Union activists want voters to believe that right-to-work laws deny union organizing rights, or ban collective bargaining. President Obama peddled this distortion on Monday in Redford, Michigan, claiming that "what we shouldn't be doing is trying to take away your rights to bargain for better wages and working conditions."
Right to work does no such thing. It empowers individual workers. As allowed under the 1947 Taft-Hartley Act, right to work merely lets individual workers choose for themselves if they want to join a union. The laws prevent closed union shops, which coerce individual workers to join unions and to pay union dues. A teacher who opts out under right to work, for example, could save several hundred dollars in annual union dues that go to political causes he may not even believe in.
Unions loathe right to work because they know that many workers would rather not join a union. Americans have seen what happened to the auto and steel industries, the Post Office and so many others. Unions can extract monopoly wages and benefits for a time from a profitable industry, but often at the cost of making that industry less competitive and eventually at the cost of union jobs. Thus did Teamster work rules—cake and bread had to be delivered in separate trucks—cost the bakery workers their jobs at Hostess. Right to work gives workers a choice. ...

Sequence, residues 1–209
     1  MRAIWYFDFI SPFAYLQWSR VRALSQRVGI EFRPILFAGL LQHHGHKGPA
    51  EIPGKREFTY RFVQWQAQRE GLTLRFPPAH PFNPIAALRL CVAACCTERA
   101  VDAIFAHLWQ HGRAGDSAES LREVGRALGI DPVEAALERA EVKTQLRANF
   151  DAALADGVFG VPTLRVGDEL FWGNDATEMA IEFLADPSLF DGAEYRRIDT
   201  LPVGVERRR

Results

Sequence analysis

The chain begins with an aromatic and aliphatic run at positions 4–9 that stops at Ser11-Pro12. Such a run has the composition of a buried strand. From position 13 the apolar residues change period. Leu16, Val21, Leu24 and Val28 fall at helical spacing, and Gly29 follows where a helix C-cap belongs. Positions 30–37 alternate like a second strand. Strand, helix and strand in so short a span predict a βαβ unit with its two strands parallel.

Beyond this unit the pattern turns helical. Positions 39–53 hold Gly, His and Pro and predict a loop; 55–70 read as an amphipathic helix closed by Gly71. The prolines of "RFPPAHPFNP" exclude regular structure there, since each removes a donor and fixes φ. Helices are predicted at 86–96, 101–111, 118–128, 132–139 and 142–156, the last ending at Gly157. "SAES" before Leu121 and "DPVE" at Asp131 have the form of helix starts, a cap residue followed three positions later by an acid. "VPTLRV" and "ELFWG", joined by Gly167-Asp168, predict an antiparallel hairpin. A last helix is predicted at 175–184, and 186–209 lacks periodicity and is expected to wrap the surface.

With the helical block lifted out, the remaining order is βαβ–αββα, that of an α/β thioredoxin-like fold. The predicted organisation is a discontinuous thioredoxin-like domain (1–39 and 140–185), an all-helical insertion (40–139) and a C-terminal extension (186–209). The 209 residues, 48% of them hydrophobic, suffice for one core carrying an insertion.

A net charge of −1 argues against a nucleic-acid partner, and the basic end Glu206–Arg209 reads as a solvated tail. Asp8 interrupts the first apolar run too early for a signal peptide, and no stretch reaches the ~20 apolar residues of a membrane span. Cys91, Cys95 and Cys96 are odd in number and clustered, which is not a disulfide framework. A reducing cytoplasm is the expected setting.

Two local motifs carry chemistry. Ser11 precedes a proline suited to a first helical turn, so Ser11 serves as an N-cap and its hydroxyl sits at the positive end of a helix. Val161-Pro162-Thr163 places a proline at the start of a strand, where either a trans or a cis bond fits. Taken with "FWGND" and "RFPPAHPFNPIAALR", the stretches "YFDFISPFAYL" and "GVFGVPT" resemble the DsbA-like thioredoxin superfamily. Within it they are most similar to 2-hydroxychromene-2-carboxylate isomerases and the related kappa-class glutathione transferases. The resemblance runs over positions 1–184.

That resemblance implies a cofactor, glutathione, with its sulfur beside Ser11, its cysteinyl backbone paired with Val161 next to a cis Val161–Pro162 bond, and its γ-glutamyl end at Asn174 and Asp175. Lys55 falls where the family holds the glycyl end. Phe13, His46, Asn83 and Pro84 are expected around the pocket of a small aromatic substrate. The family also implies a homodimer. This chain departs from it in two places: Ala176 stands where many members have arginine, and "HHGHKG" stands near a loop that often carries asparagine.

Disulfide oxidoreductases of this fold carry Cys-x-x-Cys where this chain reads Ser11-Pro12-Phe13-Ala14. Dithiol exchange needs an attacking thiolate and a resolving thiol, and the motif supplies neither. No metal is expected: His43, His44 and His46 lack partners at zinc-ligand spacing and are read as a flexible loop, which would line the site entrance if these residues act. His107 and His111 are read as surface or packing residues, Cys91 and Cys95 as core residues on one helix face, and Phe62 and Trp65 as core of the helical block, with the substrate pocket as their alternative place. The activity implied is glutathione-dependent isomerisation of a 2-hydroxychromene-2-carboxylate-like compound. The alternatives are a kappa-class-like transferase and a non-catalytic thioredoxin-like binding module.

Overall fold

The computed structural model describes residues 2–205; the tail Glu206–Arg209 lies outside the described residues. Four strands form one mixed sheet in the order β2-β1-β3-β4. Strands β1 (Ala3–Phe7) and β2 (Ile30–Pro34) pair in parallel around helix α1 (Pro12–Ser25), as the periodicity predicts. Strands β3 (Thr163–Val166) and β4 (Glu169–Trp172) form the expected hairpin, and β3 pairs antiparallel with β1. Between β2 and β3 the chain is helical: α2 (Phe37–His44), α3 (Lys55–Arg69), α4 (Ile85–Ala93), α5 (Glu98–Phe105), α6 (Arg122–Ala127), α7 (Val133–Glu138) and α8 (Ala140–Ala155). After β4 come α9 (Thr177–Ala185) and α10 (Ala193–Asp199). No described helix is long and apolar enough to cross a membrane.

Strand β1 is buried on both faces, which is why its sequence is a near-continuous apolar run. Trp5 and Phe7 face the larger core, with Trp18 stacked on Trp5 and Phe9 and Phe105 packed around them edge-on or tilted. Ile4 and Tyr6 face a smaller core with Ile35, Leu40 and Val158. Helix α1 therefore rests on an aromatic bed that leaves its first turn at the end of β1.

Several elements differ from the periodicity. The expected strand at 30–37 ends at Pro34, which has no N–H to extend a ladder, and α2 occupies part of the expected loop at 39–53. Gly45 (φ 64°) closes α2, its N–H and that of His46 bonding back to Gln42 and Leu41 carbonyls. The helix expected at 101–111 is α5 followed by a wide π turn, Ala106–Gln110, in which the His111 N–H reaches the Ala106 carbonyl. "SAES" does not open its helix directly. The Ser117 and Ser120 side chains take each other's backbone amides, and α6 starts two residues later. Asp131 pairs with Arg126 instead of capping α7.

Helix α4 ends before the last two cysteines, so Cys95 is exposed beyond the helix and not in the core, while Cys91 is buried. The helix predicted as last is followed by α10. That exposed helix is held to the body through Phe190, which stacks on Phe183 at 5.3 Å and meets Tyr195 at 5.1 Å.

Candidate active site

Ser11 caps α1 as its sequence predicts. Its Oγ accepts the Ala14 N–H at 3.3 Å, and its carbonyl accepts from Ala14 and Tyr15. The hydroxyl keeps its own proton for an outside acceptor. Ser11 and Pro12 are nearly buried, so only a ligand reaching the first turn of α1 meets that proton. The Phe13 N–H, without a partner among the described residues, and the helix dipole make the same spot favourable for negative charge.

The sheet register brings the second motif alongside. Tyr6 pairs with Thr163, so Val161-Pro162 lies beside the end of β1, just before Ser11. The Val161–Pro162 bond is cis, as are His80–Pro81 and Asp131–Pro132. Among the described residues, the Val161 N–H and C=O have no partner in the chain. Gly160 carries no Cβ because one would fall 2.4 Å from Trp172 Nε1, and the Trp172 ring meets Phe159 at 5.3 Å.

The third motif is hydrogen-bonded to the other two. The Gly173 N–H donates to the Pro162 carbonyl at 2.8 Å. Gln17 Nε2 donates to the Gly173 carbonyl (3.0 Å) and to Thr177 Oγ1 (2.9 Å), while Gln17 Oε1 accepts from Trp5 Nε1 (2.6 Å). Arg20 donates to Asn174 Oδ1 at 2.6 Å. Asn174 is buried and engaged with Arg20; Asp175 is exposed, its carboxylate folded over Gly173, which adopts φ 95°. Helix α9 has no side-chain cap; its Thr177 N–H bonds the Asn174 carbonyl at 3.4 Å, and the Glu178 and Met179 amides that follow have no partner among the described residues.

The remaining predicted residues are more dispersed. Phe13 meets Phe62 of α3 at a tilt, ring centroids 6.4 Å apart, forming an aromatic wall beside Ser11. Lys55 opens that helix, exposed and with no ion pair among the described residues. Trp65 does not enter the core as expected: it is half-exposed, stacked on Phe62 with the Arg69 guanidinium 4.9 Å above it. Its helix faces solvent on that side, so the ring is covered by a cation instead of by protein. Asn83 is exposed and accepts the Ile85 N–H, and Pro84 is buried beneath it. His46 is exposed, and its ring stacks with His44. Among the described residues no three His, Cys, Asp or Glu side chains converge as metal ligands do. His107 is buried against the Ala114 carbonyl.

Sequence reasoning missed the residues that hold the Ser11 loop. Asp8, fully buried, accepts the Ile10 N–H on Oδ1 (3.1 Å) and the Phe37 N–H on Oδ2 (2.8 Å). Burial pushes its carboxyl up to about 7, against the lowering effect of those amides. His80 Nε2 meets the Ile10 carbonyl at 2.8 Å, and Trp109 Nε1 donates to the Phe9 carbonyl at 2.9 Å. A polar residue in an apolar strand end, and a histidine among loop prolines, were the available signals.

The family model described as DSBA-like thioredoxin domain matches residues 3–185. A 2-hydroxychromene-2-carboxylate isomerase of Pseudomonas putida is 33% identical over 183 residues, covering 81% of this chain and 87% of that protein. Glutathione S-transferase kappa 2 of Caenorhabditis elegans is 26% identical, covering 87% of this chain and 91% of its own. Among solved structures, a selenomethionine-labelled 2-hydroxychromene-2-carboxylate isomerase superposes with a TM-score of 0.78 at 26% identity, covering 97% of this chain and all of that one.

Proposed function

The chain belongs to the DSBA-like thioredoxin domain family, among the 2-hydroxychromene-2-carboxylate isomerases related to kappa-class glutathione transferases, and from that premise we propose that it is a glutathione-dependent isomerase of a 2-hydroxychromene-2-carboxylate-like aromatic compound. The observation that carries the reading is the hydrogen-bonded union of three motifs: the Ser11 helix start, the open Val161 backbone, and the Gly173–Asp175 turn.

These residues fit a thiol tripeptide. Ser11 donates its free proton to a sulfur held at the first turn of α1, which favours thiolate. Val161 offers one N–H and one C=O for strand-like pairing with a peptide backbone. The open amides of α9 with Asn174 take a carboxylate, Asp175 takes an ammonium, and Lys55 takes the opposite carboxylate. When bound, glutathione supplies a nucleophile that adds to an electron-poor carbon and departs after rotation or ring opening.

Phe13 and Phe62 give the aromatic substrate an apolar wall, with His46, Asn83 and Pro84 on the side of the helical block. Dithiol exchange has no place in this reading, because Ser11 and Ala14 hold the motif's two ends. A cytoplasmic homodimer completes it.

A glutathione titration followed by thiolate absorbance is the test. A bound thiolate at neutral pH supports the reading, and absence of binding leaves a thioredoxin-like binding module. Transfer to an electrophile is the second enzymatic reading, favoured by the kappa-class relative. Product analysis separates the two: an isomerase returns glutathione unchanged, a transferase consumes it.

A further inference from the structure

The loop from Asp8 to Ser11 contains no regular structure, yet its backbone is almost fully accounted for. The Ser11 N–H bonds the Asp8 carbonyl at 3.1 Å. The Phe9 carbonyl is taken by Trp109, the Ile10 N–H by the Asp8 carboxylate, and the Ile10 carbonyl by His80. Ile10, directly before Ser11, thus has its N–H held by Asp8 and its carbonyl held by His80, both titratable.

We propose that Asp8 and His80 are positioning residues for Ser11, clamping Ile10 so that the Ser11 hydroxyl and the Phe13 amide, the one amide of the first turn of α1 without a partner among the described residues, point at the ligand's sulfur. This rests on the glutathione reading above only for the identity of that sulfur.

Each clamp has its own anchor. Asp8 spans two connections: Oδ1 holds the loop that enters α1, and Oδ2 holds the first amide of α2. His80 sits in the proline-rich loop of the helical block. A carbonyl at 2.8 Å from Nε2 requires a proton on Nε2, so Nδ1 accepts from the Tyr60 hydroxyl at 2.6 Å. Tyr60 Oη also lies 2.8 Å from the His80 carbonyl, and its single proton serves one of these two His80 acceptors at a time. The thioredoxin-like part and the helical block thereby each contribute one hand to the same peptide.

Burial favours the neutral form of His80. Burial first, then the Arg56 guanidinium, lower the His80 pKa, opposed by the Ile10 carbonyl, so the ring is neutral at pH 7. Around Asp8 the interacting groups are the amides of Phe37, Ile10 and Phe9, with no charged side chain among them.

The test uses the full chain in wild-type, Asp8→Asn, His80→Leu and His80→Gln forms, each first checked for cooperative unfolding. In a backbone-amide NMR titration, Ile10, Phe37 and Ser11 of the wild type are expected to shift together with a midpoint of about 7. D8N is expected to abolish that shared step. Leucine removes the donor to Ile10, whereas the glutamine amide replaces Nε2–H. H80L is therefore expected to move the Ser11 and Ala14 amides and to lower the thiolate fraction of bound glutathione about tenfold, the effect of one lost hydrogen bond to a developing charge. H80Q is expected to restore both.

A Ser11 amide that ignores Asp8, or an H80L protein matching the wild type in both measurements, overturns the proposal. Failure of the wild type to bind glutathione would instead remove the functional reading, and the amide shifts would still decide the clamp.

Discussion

According to the West Michigan Policy Forum, of the 10 states with the highest rate of personal income growth, eight have right-to-work laws. Those numbers are driving a net migration from forced union states: Between 2000 and 2010, five million people moved to right-to-work states from compulsory union states.In light of what's coming out of Washington, it is deeply encouraging that states like Michigan are taking aggressive positions like this. Wisconsin is no stranger to union fury. There are battles, and even wars, that are worth fighting, and can be won, even with Obama in the White House.